It doesn’t matter much if your local shop lacks a strategy. People still come and buy things, the shelves are restocked and people get paid. But if you have no strategy for your software why would people buy it? What good does it do them?

You might sell a few copies but without further development the product will rot and sales will dry up. Bugs will become apparent, new operating systems will appear, new applications will emerge that you need to interface to and competitors will match your features. Fail to answer these issues and people will stop buying your software. Things change whether you want to or not. And they change much faster in the software industry than in the corner shop industry.

So you need to move your software forward, keep it fresh, release new versions. And that means you need requirements. But you can only create requirements if you know what your company is trying to do. Otherwise you will end up filling you software with a bunch of features which seem like a good idea to someone but don’t add up to a coherent package.

Now as I said before, it is not enough to have corporate strategy, or even a product strategy. You need to have one that can be communicated and understood by everyone. And you need to actually communicate it and keep on communicating it. Part of the way you communicate it is through product features and updates.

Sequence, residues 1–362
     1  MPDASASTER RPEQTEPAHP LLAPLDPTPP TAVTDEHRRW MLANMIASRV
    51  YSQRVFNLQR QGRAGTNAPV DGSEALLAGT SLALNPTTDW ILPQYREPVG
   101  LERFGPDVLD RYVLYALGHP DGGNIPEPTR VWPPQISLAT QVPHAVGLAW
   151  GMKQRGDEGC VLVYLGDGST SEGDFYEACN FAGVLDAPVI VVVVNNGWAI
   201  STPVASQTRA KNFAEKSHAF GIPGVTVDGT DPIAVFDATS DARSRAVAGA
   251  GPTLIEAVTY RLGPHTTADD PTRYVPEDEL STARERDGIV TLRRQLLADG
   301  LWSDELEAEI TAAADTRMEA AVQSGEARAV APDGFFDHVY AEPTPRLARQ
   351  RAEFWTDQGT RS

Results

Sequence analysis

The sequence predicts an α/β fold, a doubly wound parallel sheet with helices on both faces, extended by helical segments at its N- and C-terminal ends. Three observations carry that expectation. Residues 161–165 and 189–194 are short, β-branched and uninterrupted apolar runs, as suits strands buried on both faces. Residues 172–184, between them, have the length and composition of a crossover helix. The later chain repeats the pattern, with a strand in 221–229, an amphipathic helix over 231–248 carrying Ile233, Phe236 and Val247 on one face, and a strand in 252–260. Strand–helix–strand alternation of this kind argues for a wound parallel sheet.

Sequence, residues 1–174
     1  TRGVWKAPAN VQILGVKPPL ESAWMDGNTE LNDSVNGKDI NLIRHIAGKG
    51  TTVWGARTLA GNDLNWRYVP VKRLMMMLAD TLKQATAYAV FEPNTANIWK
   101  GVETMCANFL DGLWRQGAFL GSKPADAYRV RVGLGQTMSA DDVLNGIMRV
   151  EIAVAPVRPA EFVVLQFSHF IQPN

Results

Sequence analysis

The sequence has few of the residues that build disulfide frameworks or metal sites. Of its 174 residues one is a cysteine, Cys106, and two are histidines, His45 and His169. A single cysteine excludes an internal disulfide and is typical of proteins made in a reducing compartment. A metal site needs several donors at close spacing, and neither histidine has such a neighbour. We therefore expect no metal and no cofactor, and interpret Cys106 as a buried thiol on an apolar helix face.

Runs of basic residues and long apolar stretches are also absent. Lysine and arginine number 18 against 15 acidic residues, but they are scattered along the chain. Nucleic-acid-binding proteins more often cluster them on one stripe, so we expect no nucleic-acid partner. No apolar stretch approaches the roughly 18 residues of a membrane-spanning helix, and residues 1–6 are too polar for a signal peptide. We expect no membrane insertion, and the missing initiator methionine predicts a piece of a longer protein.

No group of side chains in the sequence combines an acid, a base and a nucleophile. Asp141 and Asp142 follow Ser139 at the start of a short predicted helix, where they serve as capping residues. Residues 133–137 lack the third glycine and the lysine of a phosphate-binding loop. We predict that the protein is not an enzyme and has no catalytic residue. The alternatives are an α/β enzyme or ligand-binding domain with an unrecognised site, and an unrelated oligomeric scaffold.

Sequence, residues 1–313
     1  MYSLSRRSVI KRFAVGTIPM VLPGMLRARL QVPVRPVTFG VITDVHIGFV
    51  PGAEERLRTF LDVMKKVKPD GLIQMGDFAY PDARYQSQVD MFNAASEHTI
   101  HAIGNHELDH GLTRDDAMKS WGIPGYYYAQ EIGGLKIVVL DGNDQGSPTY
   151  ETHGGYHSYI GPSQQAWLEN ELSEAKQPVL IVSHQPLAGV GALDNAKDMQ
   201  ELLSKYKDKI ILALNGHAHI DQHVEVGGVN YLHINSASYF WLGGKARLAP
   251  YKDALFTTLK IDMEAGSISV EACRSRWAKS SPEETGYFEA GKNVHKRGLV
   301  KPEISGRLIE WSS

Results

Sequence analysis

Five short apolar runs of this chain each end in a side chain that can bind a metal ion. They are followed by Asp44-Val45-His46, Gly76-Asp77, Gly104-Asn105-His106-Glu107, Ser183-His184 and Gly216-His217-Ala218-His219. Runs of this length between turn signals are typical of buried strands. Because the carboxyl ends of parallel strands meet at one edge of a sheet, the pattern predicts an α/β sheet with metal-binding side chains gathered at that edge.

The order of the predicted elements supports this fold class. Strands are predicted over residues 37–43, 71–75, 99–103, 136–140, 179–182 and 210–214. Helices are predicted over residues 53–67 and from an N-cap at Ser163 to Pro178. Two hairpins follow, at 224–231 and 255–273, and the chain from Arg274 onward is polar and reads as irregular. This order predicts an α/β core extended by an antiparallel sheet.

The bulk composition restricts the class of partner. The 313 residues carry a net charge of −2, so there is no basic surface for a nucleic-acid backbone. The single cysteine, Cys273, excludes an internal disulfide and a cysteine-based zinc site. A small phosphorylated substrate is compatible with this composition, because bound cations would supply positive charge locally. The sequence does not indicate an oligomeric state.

So, you need people who’s job it is to turn that strategy into product features. Those are the people who need to have the ongoing dialogue with customers, the market and developers. These people may be called Product Owners, Business Analysts or Product Managers, what ever, someone has to decide what is in the product and the code developers are not the right people.

Now the difficult bit. Too many companies don’t have a strategy, or they have one they cannot, or will not, communicate. They fail to employ the people who will turn that strategy into reality. So it looks like they are busy but the people doing the coding are directionless.

If you want to play the software business game then don’t leave home unless you have:

        1. A strategy you understand
        2. People who can make it a reality

To do anything else means you are heading for a software failure.

Unfortunately very few software development books, courses and methods address these issues but I am convinced these problems lie at the heart of many, maybe most, software development failures.